Sub-project 13

Transferring research results into policies and practice

Contact: Dr. Emil Gevorgyan

Small producers in Kenya have so far been unable to supply the increasing demand for indigenous leafy vegetables. In order to increase the productivity and profitability of AIV cultivation, innovations in garden horticulture are needed throughout the value chain. In order to develop solutions and to put them into practice, close cooperation is required from all actors within the value chain, as well as from researchers and political decision makers. Currently, these actors are not communicating enough with each other.

In order to ensure that the results of the overall project reach these actors in a practical and relevant form, HORTINLEA has set up the coordination of internal and external communication, and the dissemination of the results, as a sub-project. A strategy for internal communication has been developed and is being put into practice: Offering a website, information resources and regular workshops with a focus on 'knowledge transfer and knowledge management'. Development of a comprehensive strategy for the dissemination of research results in policy and in practice. The aim of this strategy is to bridge the gap between scientific expertise and its practical implementation.

Among the important preconditions for success is good internal communication among participating researchers from different scientific disciplines and countries. This requires not only professional expertise but also 'soft skills' in mediation and communication, skills that SLE has been teaching for many years.

Among the most important criteria in the development of a communication strategy is the use of methods that promote equality of opportunity across the genders and that help reduce poverty. Topic-based meetings are used as an opportunity to discuss the feasibility of the innovations that result from research work, and their relevance to gender and poverty issues.

Channels of communication and strategies for the dissemination of information are developed and reinforced. SLE has initiated cooperation with farmers' groups and organisations as well as with potential partners such as KALRO, KAPAP, SACDEP, KENRIK, MOA-Kenya, GIZ, FAO, USAID and ICIPE. The initiative also includes setting up an innovative platform for active learning and knowledge exchange among the actors involved in the AIV innovation system.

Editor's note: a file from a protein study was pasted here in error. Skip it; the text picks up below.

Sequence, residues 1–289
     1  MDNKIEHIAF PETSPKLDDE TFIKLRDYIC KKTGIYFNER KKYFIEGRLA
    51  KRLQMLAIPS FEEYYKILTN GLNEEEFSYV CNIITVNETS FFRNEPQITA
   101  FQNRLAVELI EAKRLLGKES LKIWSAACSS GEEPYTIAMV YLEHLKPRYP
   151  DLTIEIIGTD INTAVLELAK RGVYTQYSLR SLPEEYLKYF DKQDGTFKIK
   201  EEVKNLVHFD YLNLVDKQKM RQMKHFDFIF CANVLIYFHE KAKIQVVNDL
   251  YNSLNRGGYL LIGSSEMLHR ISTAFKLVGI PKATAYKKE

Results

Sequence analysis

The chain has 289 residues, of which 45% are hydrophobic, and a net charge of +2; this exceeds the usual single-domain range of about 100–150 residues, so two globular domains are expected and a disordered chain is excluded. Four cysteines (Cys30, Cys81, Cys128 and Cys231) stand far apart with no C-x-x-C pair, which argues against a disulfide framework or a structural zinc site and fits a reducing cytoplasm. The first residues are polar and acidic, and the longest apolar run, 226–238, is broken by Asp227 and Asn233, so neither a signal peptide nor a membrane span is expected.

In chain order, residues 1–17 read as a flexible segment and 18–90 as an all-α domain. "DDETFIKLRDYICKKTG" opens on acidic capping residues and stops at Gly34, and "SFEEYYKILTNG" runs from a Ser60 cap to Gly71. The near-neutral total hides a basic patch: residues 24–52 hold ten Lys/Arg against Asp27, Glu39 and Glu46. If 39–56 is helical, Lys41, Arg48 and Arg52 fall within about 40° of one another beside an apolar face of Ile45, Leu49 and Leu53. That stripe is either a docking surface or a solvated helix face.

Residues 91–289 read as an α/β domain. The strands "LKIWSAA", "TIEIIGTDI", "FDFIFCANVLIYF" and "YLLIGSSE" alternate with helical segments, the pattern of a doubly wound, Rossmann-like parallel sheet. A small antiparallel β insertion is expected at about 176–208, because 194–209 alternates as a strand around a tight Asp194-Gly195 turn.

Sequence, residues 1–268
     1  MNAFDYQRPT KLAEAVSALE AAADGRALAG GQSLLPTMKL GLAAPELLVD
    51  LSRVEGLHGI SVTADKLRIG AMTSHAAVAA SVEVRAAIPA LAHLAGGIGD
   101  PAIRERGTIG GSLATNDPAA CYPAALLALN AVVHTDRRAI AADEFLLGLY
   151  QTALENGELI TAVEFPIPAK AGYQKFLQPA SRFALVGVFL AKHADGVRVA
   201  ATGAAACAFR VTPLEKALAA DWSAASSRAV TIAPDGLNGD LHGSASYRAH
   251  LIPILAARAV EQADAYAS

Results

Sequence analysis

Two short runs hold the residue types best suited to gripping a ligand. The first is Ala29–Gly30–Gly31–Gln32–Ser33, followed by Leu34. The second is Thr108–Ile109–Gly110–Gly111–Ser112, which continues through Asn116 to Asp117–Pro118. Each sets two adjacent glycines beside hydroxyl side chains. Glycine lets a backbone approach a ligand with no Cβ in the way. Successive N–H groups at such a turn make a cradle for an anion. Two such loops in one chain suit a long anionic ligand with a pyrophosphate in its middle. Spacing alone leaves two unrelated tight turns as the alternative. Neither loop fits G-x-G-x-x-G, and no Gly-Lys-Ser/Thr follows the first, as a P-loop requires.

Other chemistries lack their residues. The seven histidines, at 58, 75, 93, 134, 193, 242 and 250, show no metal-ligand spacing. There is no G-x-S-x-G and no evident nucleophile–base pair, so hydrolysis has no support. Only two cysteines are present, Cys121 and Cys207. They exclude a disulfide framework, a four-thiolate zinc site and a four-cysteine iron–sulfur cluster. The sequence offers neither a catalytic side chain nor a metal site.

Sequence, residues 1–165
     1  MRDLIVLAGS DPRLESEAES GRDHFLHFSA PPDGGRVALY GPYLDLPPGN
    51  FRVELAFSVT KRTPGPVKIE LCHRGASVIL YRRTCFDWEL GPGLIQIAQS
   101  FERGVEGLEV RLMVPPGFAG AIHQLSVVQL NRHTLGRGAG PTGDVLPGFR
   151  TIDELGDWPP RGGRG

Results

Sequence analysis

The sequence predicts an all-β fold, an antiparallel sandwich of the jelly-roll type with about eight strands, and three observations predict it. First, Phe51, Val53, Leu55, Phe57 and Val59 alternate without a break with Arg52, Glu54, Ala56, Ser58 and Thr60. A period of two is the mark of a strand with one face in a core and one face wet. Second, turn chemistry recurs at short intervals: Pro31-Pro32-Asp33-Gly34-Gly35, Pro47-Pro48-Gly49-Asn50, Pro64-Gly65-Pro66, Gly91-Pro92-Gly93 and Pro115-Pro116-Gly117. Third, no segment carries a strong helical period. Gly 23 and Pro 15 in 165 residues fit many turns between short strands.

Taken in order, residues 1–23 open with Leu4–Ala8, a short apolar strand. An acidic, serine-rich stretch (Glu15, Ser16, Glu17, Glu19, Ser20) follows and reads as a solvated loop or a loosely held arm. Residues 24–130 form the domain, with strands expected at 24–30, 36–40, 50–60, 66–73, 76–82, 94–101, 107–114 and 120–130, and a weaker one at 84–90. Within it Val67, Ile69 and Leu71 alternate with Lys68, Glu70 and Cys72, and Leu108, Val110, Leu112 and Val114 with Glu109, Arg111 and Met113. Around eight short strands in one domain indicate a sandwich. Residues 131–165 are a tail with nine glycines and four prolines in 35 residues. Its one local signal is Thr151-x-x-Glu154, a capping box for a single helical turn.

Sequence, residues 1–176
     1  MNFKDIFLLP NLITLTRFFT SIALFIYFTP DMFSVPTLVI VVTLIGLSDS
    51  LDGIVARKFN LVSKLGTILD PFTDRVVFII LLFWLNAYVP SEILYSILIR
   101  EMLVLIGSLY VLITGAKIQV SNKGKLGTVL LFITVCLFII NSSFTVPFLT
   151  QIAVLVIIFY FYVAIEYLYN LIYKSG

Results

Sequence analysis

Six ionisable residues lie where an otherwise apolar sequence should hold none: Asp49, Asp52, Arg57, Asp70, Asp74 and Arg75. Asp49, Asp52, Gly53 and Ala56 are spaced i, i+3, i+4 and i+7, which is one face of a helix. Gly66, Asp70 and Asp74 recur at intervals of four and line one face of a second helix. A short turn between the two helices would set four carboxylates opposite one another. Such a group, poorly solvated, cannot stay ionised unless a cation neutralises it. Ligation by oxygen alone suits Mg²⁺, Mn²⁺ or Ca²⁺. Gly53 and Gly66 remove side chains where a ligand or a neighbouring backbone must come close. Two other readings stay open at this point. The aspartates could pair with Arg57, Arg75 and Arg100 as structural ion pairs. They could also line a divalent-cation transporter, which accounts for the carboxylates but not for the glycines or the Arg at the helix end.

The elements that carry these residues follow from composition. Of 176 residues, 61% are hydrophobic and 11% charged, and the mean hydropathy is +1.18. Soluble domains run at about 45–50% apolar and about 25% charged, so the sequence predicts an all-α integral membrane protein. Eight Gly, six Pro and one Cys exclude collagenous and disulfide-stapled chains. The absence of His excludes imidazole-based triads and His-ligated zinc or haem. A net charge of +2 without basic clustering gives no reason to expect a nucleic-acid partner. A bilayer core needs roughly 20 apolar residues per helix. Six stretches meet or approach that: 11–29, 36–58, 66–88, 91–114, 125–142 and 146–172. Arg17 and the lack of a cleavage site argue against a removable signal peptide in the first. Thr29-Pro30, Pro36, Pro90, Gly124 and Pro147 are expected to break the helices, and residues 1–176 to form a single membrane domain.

The following specific activities were set up in order to keep all participants in the consortium regularly informed about the progress of HORTINLEA and to promote the effective flow of information:

  • A project website was developed, as the primary platform for the dissemination of information about HORTINLEA's activities;
  • Quarterly newsletter for the consortium;
  • HORTINLEA brochure for participants in Germany and Kenya;
  • HORTINLEA film to inform the wider public in Kenya and Germany about the importance of indigenous vegetable cultivation to nutrition. This film is available to view on the Youtube channel and website of the project.
In 2014, an SLE study was set up to examine the practical relevance of the results from HORTINLEA, and to recruit new partners for cooperative knowledge exchange. SLE study 'Connecting Innovators, Making Pro-Poor Solutions Work - The Innovation System of African Leafy Vegetables in Kenya' focuses on the AIV innovation system. This study offers insights into the interactions among different actors in the value chain. It highlights opportunities and continuing limitations in the use of AIVs in Kenya.


Building on the results of that study, another SLE study, 'Closing the knowledge gap between research, policy and practice - Circular knowledge exchange on African indigenous vegetables for improved food and nutrition security in Kenya and Tanzania' was conducted and published. It outlines major steps for ensuring that the research results of the Horticultural Innovation and Learning for Improved Nutrition and  Livelihood in East Africa – HORTINLEA project will reach multiple stakeholders and benefit them in the future.

PhD theses (2013-2018):

Nancy M. Laibuni: Research to Action: The Case of African Leafy Vegetables Value Chains

Contact: This email address is being protected from spambots. You need JavaScript enabled to view it.


Photo Forschung Fokusgruppen Diskussion
Picture 1: Three Female farmers explain the sensitivity of different leafy vegetable varieties to heavy rains. Focus group discussion in Lugari, Kakamega.

Photo Forschung Frau Clementine

Picture 2: Agriculture consultant Mrs Clementine explains the effects of climate change in Nakuru during a training session (training in focus group discussions) 30.11.-2.12.2015, Kenya, Egerton University.